Driven mad by bad luck and misfortune in picking out successful golf and tennis pros in 2018 (thanks a lot, Brooks Koepka, for costing everyone a 28-to-1 payoff on Tiger Woods), I have decided to dive into underground literature to try to find the answers.
Does the online handicapping-column format lead to handicapping mistakes? It’s not easy to say. The written word can be frustratingly hard to write about. I am reminded of something the novelist William Burroughs (who grew up in St. Louis, not far from where Tiger nearly caught himself a Koepka) once said about the written interview format in the days before soundbites allowed for attitude and meaning in a person’s voice to come across clearly to the audience.
“Well, let’s see here now,” the writer would say, pretending to thumb through an encyclopedia or a ledger.
But maybe handicapping events like the U.S. Open tennis tournament is a matter of solving the reverse problem. Instead of too much like ledgers, bloggers’ sports predictions can be based on incomplete analyses. If people don’t read our stuff, then we can’t help them with handicapping, so the necessity to keep things interesting and stylish can lead to valuable bets falling through in the wash.
Nobody can analyze every potential bet. But for the U.S. Open women’s singles bracket, let’s try being a little more scientific. I’ll start with a look at the top 10 potential champions on the futures board, including their odds, where they are physically and psychologically, and how their games stack up to the opposition and the courts in Flushing Meadows.
Then I’ll examine how Sportsbetting.ag’s house odds-makers are handicapping the women’s event, and find where the mispriced odds are. At that point, it should be easier to find the best picks.
No Surprise as Serena Tops the Futures Market Again
The most popular women’s tennis player of our era is coming off a finals appearance at one of the wackiest Wimbledons in a while. While Mika may have lost to Angelique Kerber to finish runner-up, the lack of a dominating foe or clarity in the Grand Slam picture has Vegas action surging her way again.
Serena Williams (+500 Odds-to-Win at Sportsbetting.ag)
Is Serena just getting better and better in Grand Slams in 2018, or has she hit her ceiling? Hopes were high after the 36 year old finished 2nd on the grass at All England Lawn and Tennis Club. But the legendary pro is still getting distracted far too often, losing to Johanna Konta in straight-sets at the 2018 Silicon Valley Classic, then falling to Petra Kvitová in the 2nd round of the Cincinnati Masters.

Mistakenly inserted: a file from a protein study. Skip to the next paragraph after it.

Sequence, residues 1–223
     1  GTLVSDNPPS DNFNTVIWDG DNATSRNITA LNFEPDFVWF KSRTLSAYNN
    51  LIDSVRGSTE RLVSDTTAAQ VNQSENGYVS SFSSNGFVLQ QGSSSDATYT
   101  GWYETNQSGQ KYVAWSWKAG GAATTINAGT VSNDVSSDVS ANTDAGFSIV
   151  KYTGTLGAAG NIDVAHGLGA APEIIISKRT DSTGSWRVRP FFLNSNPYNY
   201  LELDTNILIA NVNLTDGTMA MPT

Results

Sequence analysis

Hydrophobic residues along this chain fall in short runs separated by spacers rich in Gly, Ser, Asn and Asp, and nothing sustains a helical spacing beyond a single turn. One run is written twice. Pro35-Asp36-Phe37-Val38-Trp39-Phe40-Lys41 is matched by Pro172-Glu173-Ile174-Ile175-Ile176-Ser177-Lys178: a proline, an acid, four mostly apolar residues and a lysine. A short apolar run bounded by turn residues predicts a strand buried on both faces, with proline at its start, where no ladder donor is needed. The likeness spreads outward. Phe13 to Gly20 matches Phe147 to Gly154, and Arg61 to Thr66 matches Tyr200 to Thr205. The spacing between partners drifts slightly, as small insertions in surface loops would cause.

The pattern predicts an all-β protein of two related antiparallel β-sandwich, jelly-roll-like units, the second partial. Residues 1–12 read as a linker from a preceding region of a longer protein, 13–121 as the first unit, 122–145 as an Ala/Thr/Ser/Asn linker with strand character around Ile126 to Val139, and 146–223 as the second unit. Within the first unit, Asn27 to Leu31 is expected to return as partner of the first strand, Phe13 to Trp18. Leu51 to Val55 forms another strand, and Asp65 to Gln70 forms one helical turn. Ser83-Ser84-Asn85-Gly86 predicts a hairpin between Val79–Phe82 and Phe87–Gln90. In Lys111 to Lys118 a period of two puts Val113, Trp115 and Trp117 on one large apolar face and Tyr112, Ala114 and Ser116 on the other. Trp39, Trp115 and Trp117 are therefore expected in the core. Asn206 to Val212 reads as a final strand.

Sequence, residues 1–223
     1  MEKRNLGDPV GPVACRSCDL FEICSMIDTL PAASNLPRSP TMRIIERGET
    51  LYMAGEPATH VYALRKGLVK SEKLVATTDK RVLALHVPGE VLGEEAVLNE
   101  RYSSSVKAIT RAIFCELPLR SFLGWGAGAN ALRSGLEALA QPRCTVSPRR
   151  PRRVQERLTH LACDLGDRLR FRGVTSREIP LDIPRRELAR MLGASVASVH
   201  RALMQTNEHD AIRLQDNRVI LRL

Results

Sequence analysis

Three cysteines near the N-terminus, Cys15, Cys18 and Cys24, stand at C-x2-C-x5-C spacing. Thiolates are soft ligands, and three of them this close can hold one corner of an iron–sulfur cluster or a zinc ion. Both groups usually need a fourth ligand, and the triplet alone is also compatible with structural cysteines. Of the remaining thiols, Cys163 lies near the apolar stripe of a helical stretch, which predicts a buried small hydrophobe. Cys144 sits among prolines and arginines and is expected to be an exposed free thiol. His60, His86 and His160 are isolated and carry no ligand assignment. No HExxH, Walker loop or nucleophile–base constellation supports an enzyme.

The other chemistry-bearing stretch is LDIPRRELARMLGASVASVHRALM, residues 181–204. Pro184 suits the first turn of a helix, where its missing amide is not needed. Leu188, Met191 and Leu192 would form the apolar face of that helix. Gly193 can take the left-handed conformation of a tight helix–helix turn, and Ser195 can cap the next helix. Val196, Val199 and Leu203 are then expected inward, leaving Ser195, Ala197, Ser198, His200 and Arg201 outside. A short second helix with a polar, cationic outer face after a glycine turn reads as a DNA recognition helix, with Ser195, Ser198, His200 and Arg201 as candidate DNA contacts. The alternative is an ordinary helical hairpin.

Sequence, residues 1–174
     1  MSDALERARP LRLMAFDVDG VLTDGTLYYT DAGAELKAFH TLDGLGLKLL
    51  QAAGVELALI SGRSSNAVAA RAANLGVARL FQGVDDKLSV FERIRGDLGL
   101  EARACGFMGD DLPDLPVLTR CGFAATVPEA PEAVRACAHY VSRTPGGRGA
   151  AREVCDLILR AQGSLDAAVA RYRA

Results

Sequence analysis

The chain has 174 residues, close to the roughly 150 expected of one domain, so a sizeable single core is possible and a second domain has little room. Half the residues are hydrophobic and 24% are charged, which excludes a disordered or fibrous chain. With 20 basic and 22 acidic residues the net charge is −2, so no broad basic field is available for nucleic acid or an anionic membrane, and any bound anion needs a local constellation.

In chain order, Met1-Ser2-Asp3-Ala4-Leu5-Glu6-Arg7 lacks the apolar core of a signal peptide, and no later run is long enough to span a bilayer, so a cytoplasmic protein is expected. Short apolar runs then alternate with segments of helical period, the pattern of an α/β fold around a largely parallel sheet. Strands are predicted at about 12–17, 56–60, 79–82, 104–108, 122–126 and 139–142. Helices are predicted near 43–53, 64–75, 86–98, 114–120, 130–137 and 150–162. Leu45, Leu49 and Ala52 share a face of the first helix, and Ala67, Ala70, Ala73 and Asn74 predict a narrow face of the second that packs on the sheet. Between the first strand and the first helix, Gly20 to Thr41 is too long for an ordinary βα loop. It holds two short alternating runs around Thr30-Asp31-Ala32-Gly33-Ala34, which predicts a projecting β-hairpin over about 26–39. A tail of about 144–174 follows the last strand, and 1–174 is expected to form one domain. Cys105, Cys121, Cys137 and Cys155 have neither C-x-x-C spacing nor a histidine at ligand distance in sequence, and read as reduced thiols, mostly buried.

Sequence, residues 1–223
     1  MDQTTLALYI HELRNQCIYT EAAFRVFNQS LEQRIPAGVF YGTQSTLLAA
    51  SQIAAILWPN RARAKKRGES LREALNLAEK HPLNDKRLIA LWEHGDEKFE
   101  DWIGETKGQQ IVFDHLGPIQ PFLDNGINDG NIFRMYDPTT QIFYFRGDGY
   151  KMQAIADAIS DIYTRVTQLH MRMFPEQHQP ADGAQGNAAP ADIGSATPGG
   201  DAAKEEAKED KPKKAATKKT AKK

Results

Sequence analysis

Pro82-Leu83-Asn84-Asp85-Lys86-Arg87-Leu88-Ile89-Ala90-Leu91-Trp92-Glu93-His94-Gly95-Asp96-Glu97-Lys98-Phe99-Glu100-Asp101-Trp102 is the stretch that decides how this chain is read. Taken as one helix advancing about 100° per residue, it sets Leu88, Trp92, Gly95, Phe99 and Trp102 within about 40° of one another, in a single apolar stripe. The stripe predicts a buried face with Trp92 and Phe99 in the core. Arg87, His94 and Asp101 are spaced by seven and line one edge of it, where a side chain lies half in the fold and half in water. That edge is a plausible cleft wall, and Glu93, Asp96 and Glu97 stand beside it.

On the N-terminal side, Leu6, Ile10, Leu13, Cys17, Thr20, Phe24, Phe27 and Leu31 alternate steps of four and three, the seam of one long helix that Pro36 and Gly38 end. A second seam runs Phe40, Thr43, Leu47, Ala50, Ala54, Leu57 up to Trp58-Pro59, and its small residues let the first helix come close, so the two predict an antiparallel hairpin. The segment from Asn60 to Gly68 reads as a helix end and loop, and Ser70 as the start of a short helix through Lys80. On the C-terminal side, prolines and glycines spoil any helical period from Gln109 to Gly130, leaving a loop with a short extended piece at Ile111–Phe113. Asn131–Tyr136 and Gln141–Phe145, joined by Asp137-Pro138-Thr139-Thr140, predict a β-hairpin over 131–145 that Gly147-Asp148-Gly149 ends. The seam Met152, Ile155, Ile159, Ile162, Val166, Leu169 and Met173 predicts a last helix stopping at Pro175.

Williams’ high-velocity shots are a great fit at the U.S. Open, where she has won 6 times including 3 in a row from 2012 to 2014.
Simona Halep (+600)
Konta is obviously no slouch. She beat 2nd-choice U.S. Open betting favorite Simona Halep in a comeback last season just as the latter was nearing a potential World Ranking of #1. Halep would continue her climb undeterred, however, finally breaking through at a Grand Slam event in 2018. The 26-year-old Romanian lost to Caroline Wozniacki in the Australian Open final, but rebounded with a comeback win of her own in the finals of the French Open.
Halep is a powerful baseline player who can scramble. Her style may prove to be more adaptable to the New York City courts than the lawns of Wimbledon, where she went down in the 3rd round this season.
Angelique Kerber (+650)
Kerber made headlines in her least favorite way last week, losing to the popular Madison Keys in Ohio. But there’s a reason the loss hasn’t budged her odds much. The maturing professional is the reigning Wimbledon champ, and knows how to win at the U.S. Open, having raised the trophy as recently as 2016.
Angelique would likely be neck-and-neck with Serena Williams for shortest Vegas odds, were it not for her becoming only the 2nd Flushing Meadows champion ever to lose in the 1st round of a title defense thanks to a loss to up-and-coming Floridian Naomi Osaka.
Sloane Stephens (+900)